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Tuscana AKN-3 - History

Tuscana AKN-3 - History

Tuscana
(AKN-3 : dp. 14,350 (tl.) , 1. 441'6", b. 56'11" dr. 28'4" (lim.); 8. 12.5 k.; cpl. 228; a. 1 6", 1 3', 12 20mm.; cl. Indus; T. EC2-S-C1)

AKN-3 was laid down as William R. Cox under Maritime Commission contract (MC hull 2406) on 6 December 1943 at Baltimore, Md., by the Bethlehem-Fairfield Shipyard, Inc., Iaunched on 29 December 1943, sponsored by Miss Cheshire Cox; acquired by the Navy under bareboat charter and renamed Tuscana on 8 January 1944, converted to a net cargo ship at Baltimore by the Maryland Drydock Co., and commissioned on 28 March 1944, Comdr. Thomas J. Butler, USNR, in command.

Tuscana arrived at Hampton Roads on 6 April 1944 and operated out of that port, conducting drills and shakedown in Chesapeake Bay. On 26 April, she set her course via the Canal Zone for Hawaii. She entered Pearl Harbor on 23 May, provisioned, took on passengers, and got underway for the Marshalls on the 26th.

She arrived at Kwajalein on 5 June; got underway on the 27th, steaming with barge YC-1008 in tow, and arrived at Eniwetok on 29 June. On 20 July, while
attempting to transfer a passenger to Vega (AK-17) during a rain squall, Tuscana's Buoy Boat No. 1 became stranded on a reef. When pounding seas forced the boat's crew to abandon her, a boat from destroyer Downes (DD-375) came to the rescue and saved all hands. On the 27th, Tuscana departed Eniwetok, with other net cargo ships and an escort, and set her course for the Marianas.

Tuscana anchored at Garapan on 1 August, detached men and cargo for the operation of harbor and waterfront facilities, and on the 7th began net operations. Throughout the remainder of the month, Tuscana's crew labored to assemble and launch anti-torpedo nets which were towed into place and installed by the smaller net laying ships (AN's). On this, her first net laying assignment, Tuscana provided nets to protect Mutcho Point and Garapan harbor from submarine attack. After completing this vital task, Tuscana arrived at Pearl Harbor on 11 September and began loading stores, buoys, and net materials.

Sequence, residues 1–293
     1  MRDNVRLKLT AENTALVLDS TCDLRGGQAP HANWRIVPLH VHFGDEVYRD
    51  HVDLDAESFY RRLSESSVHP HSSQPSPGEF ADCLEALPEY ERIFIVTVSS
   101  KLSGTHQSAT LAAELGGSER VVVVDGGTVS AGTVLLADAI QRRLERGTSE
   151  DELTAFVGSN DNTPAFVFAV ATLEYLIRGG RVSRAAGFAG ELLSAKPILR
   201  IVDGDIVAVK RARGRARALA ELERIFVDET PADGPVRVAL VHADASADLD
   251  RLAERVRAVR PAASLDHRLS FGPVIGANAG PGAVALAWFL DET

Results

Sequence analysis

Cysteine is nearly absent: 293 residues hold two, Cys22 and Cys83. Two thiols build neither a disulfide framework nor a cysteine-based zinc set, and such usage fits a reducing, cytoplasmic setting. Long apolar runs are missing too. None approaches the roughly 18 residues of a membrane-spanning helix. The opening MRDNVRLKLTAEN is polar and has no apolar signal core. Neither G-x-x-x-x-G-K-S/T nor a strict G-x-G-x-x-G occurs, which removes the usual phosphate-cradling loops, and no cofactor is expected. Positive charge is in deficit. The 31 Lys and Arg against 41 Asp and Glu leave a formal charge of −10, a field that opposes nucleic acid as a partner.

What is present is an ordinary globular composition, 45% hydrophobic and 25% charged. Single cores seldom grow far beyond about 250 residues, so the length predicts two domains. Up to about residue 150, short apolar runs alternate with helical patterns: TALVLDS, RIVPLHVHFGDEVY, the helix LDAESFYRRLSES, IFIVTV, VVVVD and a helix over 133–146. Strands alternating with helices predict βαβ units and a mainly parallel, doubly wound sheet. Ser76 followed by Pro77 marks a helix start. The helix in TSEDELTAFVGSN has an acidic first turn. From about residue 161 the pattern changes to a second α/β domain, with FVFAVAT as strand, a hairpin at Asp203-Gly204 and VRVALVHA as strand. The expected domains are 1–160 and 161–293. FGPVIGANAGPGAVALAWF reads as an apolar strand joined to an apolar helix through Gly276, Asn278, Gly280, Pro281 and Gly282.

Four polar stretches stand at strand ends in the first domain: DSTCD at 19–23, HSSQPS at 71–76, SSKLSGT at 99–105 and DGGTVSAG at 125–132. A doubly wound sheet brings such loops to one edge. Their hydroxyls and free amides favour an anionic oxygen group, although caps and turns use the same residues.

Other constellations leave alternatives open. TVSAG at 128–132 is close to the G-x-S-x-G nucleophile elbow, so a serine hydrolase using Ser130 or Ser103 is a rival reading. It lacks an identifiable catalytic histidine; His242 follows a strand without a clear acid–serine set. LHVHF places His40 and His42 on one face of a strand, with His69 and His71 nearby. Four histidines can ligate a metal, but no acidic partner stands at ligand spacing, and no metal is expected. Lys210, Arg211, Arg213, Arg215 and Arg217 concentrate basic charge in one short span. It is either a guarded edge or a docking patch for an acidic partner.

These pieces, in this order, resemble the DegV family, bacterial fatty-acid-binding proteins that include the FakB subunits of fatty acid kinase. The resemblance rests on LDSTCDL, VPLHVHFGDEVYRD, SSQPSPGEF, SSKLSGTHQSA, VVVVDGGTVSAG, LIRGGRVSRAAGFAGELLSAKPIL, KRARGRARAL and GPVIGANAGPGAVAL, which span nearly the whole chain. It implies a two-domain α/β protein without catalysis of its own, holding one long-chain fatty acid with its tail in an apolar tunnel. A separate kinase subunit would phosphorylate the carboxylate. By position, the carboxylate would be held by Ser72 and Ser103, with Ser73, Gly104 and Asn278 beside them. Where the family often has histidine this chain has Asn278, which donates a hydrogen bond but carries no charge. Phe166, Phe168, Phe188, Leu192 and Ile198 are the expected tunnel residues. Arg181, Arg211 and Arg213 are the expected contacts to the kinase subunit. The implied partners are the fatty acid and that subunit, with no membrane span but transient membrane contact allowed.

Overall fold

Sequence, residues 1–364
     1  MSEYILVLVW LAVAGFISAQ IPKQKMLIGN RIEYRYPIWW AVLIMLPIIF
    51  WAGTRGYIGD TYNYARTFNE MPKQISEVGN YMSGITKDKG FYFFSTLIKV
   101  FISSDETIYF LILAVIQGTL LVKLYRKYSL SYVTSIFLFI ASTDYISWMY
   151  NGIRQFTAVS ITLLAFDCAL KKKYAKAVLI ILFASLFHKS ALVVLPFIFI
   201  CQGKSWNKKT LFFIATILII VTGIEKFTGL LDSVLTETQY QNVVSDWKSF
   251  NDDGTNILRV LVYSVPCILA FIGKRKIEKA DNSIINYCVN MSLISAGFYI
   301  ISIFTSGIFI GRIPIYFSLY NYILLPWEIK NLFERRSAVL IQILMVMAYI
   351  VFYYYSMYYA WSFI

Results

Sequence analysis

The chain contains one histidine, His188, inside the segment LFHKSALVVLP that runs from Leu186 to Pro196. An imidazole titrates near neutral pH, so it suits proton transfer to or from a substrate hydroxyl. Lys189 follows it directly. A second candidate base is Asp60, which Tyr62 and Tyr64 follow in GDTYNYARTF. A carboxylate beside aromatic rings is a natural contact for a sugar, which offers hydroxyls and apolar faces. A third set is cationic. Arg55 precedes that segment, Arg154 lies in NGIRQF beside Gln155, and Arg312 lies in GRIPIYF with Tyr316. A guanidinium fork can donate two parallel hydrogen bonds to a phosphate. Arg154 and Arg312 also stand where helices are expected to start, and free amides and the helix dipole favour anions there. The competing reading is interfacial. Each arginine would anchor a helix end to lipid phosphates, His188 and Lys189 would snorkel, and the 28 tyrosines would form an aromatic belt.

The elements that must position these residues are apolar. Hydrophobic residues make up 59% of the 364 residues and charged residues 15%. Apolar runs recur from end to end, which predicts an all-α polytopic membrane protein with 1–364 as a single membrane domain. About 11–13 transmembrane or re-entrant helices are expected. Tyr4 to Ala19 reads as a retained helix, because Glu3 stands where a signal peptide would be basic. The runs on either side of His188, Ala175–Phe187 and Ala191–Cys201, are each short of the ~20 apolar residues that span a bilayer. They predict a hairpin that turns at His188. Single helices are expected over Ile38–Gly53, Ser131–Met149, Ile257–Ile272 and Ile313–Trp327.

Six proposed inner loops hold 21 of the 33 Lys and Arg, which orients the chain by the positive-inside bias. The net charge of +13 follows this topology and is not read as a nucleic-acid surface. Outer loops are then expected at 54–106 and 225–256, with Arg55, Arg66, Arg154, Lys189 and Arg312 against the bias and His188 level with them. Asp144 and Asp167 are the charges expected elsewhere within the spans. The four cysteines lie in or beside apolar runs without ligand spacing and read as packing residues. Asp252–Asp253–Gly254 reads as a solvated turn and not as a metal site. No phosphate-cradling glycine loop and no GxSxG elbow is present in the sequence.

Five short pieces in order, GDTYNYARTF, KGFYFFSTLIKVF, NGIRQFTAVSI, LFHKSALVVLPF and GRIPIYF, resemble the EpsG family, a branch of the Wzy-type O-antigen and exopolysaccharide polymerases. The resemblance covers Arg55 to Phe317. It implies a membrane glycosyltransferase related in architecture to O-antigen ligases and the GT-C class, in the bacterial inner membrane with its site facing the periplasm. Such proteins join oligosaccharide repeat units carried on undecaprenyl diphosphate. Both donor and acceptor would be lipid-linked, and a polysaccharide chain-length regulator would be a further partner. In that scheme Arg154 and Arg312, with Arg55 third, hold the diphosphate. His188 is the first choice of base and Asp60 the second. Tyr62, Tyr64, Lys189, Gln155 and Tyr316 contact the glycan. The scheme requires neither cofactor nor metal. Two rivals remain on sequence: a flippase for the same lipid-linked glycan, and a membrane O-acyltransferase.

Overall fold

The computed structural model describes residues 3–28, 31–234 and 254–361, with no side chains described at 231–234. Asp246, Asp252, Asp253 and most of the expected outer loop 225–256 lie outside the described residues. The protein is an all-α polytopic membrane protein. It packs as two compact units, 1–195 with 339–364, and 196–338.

On the 19th, she got underway with a slow convoy of eight ships and three escorts bound for the Marshalls. After a few days at Eniwetok, she continued on toward the Carolines and arrived at Ulithi on 9 October. Here, conferences on net laying took place on board the ship. Then, on 15 October, Tuscana's crew began net assembly. On the 26th, she began delivering nets to smaller net laying ships which towed them into place and installed them to protect the lagoon anchorage. On the 28th, Tuscana assembled the last net of this operation. The same day, Viburnam (AN-57), a member of the task unit working with Tuscana struck a Japanese mine which caused severe damage to the net layer and underscored the ever-present hazards of warfare in the Pacific.

Tuscana embarked passengers on 11 November and, on the following day, got underway and steamed via Eniwetok to the Hawaiian Islands. Throughout most of December, she remained at Pearl Harbor undergoing repairs. Then, on the 27th, she set her course again for the Marshalls and spent a week at Eniwetok before proceeding on to the western Carolines. Shortly after midday on 20 January 1945, she passed through Mugai Channel and anchored at Ulithi. Although hampered at first by rough seas. Tuscana supplied moorings and assembled 1 260 yards of anti torpedo net for Towachi Channel and an additional 6,390 yards for use elsewhere in the approaches to Ulithi. On 12 February 1945, her assignment completed, she departed Ulithi.